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I want to run a backup script 10 minutes after booting up my machine but only once a day. Is it possible to build up such scenarios with systemd?

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I don't fully understand your requirements, please clarify. I understand that if you reboot your machine serveral times in a day, the script should only run after first reboot, is that right? If your machine runs for more than 1 day long, should the script be run in consecutive days? –  Krzysztof Adamski Sep 14 '12 at 18:29
    
Exactly. I will make a backup every day no matter how often I reboot my PC. –  Fu86 Sep 14 '12 at 22:42
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If you're not hung up on systemd, this is exactly what anacron is for. –  Gilles Sep 14 '12 at 23:48
    
I may be wrong but there's no easy way to set anacron to run script only 10 minutes after boot is complete. –  Krzysztof Adamski Sep 15 '12 at 9:16
    
That's right. That's why I'm currently using anacron and the good old at, with a daily job like echo "obnam backup" | at "now + 10 minutes" –  Adrien Clerc Sep 14 '13 at 10:33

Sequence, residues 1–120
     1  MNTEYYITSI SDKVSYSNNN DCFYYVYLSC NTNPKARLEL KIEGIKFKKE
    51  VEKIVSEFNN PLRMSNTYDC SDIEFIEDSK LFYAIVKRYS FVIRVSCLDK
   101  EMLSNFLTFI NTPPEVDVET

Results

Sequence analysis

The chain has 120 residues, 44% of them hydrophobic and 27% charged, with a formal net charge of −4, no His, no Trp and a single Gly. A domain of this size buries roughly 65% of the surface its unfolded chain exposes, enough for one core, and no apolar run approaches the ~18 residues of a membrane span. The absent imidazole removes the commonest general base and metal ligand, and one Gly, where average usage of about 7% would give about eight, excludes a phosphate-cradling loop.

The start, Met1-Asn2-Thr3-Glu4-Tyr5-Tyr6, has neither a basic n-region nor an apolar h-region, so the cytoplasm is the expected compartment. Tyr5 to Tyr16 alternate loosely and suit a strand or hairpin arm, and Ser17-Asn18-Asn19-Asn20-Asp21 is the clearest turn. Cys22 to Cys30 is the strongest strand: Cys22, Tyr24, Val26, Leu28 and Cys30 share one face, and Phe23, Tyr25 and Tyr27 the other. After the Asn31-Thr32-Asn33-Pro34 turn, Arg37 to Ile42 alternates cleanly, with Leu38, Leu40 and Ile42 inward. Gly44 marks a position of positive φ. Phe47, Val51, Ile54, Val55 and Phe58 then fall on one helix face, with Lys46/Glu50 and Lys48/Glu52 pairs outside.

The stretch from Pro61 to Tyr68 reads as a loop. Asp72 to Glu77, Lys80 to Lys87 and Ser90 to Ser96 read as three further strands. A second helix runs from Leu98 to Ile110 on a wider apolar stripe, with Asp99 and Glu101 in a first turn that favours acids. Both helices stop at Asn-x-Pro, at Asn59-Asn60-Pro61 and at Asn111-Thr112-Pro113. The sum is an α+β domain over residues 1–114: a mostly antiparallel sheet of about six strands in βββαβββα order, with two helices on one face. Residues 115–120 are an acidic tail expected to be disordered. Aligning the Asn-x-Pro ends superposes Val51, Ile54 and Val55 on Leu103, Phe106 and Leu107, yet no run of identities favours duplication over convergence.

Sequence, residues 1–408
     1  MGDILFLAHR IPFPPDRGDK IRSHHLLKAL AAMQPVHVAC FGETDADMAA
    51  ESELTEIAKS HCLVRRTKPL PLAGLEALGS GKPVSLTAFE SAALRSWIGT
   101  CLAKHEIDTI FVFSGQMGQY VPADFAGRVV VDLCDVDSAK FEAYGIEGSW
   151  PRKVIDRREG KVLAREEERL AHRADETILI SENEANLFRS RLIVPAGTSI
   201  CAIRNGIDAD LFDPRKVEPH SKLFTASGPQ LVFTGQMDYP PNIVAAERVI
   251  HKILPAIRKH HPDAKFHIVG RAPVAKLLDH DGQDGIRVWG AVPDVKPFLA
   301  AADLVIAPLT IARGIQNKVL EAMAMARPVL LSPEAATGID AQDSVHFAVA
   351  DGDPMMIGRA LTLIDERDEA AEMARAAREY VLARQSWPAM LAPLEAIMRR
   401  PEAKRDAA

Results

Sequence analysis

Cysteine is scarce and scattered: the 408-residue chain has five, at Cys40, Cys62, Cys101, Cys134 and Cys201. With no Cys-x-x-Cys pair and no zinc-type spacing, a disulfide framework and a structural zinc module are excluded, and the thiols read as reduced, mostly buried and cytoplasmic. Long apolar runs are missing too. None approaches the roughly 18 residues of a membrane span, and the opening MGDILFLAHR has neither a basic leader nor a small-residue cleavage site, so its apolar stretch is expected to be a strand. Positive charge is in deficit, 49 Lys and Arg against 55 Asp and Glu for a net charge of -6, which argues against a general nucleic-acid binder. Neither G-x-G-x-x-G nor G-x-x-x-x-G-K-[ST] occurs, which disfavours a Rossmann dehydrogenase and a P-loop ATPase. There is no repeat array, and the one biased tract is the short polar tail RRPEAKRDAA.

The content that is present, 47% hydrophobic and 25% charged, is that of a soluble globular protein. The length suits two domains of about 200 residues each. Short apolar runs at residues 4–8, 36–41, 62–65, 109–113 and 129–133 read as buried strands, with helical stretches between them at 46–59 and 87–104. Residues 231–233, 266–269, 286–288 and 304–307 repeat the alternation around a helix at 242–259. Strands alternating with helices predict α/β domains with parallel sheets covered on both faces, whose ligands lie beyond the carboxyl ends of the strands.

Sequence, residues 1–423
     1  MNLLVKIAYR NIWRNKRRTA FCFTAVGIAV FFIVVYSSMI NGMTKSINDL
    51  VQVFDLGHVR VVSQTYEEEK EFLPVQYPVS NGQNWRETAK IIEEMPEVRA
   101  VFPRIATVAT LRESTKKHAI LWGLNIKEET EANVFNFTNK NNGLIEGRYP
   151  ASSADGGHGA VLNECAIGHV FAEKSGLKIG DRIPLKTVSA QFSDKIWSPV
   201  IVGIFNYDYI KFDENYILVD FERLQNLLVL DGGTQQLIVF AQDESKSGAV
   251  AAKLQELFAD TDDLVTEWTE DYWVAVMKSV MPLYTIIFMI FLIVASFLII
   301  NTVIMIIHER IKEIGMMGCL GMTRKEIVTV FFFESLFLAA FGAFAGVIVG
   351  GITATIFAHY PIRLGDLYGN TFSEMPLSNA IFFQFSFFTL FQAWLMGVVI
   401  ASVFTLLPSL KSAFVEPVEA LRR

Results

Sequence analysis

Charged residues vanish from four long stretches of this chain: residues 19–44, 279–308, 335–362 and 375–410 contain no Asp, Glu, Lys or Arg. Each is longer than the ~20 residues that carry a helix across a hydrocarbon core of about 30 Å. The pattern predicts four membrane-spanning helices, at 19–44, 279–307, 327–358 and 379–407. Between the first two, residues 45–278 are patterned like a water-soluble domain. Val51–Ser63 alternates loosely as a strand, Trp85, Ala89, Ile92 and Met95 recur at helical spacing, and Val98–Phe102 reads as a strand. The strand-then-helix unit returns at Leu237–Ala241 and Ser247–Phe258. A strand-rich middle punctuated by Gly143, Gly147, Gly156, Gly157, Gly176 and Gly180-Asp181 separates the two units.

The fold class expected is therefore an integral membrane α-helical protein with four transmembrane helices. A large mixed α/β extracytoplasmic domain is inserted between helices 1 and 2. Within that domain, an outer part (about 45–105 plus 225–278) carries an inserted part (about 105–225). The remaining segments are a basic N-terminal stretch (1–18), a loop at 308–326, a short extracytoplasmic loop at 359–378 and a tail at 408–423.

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3 Answers 3

Apparently this issue will be addressed in future releases. At least according to this email on the systemd-devel mailing list. Until that you have to go the hackish way Krzysztof proposed.

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See: /lib/systemd/system/systemd-tmpfiles-clean.timer:

[Timer]
OnBootSec=15min
OnUnitActiveSec=1d

This runs the corresponding .service file 15 minutes after boot and then every day while the system is up. If you reboot multiple times in the same day, you can just have the backup script check the mtime of the archive and skip that run if it's less than a day old.

Also, if your backups are going to be heavy on IO, it might be helpful to read about the IOScheduling* directives in the systemd.exec(5) manpage.

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I don't think it's possible to do this entirely in systemd as it does not track any state between reboots. You can easly schedule something to run 10 minutes after boot using systemd.timer and its OnBootSec= or OnStartupSec=.

The script itself has to check if it was already run today or not. This can be easily implemented even in bash, for example:

#/bin/sh -x
FILE=/etc/lastrun
TODAY=`date +"%Y%m%d"`
LASTRUN=`cat $FILE`

[[ -z "$LASTRUN" ]] || [[ "$TODAY" -gt "$LASTRUN" ]] || exit
echo $TODAY > $FILE
RUNYOURSCRIPTHERE
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